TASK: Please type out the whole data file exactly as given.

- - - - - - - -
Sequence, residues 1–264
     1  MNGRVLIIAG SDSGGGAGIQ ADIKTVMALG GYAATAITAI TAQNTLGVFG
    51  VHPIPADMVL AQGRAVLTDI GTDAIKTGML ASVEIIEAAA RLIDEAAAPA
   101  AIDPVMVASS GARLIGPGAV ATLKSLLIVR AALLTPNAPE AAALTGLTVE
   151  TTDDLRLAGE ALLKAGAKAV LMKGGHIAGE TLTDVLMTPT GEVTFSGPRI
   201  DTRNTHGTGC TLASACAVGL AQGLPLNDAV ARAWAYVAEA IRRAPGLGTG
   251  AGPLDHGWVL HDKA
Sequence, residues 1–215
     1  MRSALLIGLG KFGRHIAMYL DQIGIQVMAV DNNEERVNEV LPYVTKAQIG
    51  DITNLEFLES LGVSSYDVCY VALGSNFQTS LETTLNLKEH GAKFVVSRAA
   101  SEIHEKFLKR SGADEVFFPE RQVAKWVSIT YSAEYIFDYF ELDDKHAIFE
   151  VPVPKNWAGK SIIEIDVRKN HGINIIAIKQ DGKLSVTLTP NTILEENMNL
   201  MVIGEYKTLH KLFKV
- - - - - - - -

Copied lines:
Sequence, residues 1–264
     1  MNGRVLIIAG SDSGGGAGIQ ADIKTVMALG GYAATAITAI TAQNTLGVFG
    51  VHPIPADMVL AQGRAVLTDI GTDAIKTGML ASVEIIEAAA RLIDEAAAPA
   101  AIDPVMVASS GARLIGPGAV ATLKSLLIVR AALLTPNAPE AAALTGLTVE
   151  TTDDLRLAGE ALLKAGAKAV LMKGGHIAGE TLTDVLMTPT GEVTFSGPRI
   201  DTRNTHGTGC TLASACAVGL AQGLPLNDAV ARAWAYVAEA IRRAPGLGTG
   251  AGPLDHGWVL HDKA
Sequence, residues 1–215
     1  MRSALLIGLG KFGRHIAMYL DQIGIQVMAV DNNEERVNEV LPYVTKAQIG
    51  DITNLEFLES LGVSSYDVCY VALGSNFQTS LETTLNLKEH GAKFVVSRAA
   101  SEIHEKFLKR SGADEVFFPE RQVAKWVSIT YSAEYIFDYF ELDDKHAIFE
   151  VPVPKNWAGK SIIEIDVRKN HGINIIAIKQ DGKLSVTLTP NTILEENMNL
   201  MVIGEYKTLH KLFKV